Olive Trees

Posted: 08/10/2015 at 19:56

Thank you for reminding me!!!  I have an olive in a large planter in the garden - somewhat hidden in the middle of an island bed (don't ask!)  We are finally on the move, so all my potted plants/cuttings are in a huddle on the patio - and I had forgotten all about the olive.  Tomorrow I shall retrieve it, check the shape and overall health, and give it a light prune in the spring. 

It was bought some years ago as a tiny plant at the Eden Project, and has done remarkably well since then.


Strictly is back!

Posted: 30/09/2015 at 19:34

I just love Strictly - and I take it for what it is:  an entertainment show for the first few weeks, and a dance competition when it all starts to get a bit more serious later on. 

I love the glitz and glamour.  I laugh with (but not at) the "dad dancers" and the lumpen routines.  I love the fact that people are prepared to get out of their comfort zone and "give it a go".

Usually the best dancers get through to the final.  Whether or not I like a celeb is neither here nor there - I love watching the progress that they all make (yes, even the Widdies of this world!) and enjoy the whole process.  January, always a dull month, is all the worse for the absence of Strictly.

Aah, well - I'm just a simple soul, easily pleased, perhaps. 

No flowers on gladioli

Posted: 25/09/2015 at 19:58

I bought a bumper bargain bundle of glads and acidantheras together with some oxalis and liatris from Poundland.  Three for the price of two, so I couldn't resist!

I planted them all in late June/early July.  Results thus far:  one clump of glads doing well (though they are all one colour -deep red) and only a couple of acidantheras are in flower.  Only one liatris is in flower, but the other plants look healthy.  The oxalis are spectacular - well worth the ground space!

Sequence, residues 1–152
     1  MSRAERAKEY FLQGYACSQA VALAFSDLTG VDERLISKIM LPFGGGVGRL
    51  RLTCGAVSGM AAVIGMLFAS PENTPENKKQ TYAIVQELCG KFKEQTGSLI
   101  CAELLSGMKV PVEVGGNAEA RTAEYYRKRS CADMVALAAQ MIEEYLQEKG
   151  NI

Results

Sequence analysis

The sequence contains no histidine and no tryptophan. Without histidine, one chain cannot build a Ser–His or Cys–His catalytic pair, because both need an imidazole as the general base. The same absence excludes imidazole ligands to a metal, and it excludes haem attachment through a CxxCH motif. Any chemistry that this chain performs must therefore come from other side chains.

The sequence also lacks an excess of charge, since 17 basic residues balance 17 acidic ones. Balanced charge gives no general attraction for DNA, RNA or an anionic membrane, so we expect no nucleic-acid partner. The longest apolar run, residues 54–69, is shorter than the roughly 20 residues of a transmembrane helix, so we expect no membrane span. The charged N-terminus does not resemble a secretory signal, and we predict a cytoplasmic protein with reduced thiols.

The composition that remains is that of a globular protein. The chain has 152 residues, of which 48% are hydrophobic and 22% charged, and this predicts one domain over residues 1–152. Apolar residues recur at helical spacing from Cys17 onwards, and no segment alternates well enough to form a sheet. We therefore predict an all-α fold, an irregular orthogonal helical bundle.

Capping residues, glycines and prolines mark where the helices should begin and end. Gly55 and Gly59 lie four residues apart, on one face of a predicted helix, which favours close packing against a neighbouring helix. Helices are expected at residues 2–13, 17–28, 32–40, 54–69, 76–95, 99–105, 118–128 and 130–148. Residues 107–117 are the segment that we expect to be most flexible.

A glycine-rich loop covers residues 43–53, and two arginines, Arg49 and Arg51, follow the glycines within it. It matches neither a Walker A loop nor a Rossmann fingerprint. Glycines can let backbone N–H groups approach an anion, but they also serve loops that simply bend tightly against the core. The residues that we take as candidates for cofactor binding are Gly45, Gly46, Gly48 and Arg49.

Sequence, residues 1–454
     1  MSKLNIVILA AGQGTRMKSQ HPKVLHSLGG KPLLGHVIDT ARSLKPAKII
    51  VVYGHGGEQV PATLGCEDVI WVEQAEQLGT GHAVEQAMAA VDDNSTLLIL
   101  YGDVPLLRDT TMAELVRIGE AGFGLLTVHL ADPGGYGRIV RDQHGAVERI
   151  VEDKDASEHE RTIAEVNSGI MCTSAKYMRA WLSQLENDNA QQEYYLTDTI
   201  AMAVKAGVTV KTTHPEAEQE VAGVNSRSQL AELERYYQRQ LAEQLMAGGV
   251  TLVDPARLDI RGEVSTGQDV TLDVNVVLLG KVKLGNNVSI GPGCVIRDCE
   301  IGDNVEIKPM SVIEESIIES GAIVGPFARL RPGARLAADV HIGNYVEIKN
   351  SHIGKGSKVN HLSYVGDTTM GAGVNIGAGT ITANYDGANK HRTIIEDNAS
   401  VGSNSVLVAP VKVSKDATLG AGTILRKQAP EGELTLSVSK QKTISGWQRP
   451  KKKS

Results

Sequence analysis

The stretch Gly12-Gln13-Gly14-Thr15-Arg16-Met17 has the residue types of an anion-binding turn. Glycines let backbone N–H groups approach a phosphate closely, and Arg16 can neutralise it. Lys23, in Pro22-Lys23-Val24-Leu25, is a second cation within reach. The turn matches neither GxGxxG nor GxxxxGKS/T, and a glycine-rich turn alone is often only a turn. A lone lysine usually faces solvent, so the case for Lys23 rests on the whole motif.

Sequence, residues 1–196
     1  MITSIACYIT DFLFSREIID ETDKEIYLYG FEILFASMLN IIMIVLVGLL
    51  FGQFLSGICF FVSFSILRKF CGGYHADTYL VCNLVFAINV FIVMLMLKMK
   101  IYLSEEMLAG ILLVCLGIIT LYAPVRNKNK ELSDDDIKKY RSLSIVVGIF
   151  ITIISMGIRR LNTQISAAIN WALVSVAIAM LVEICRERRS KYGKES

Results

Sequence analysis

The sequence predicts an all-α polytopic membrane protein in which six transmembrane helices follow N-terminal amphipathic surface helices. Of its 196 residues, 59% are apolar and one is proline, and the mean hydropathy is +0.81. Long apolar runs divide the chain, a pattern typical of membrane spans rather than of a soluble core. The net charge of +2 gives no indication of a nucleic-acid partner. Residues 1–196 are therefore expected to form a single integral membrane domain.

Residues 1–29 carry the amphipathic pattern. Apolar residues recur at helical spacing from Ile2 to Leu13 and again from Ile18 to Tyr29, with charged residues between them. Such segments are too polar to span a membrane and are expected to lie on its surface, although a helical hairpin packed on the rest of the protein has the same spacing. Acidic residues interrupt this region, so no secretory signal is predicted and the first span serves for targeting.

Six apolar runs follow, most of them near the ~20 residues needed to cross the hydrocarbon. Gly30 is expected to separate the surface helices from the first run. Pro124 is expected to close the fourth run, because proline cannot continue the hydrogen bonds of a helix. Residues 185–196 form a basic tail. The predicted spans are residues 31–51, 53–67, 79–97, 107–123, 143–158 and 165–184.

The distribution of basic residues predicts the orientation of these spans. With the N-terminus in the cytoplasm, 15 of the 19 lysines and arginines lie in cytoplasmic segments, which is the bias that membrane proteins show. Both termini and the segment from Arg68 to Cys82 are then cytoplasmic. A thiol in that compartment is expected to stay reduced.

It was a gamble, given how late it was in the season, but at least they haven't totally disappointed me.  (I wouldn't normally bother with glads, but these are giving a late and welcome burst of colour).

Discussions started by Shrinking Violet

On the Plus side

Some good, some not so good! 
Replies: 2    Views: 297
Last Post: 27/08/2017 at 21:41

Flower Show

Vivary Park, Taunton - the oldest flower show in the country 
Replies: 0    Views: 185
Last Post: 04/08/2017 at 19:43

Too close for comfort

Replies: 4    Views: 475
Last Post: 23/06/2017 at 22:28

If I had a brain I'd be dangerous!

Oh, the silly things that I should have thought about first . . . .  
Replies: 26    Views: 1410
Last Post: 10/04/2017 at 19:39

One of the good guys

Hayloft Plants come up trumps! 
Replies: 3    Views: 406
Last Post: 22/03/2017 at 20:34

Why didn't I think of it before?

How to shade a greenhouse 
Replies: 31    Views: 3039
Last Post: 22/06/2016 at 01:08

They're edible: who knew?

Replies: 16    Views: 1108
Last Post: 07/07/2017 at 19:46

Redcurrants grown as cordons

Has anyone done it? 
Replies: 4    Views: 1161
Last Post: 05/01/2016 at 19:12

Pampas Grass

How to dispose of an inherited plant 
Replies: 6    Views: 1139
Last Post: 16/11/2015 at 21:07


Replies: 8    Views: 1088
Last Post: 03/06/2014 at 22:38

All Things Bright and Beautiful

A new version 
Replies: 6    Views: 5568
Last Post: 13/05/2014 at 21:25

Lawn disaster

Neighbour's "lawn" infested with wild garlic! 
Replies: 18    Views: 2718
Last Post: 05/04/2014 at 19:53


Paper White bulbs 
Replies: 8    Views: 1310
Last Post: 07/11/2013 at 09:50

Fungus on peas

Peas are late this year - but are becoming covered in mould 
Replies: 8    Views: 1259
Last Post: 27/08/2012 at 23:05

Weather Lore - and more

Seasonal sayings and country weather predictions 
Replies: 12    Views: 1720
Last Post: 11/05/2012 at 09:30
1 to 15 of 17 threads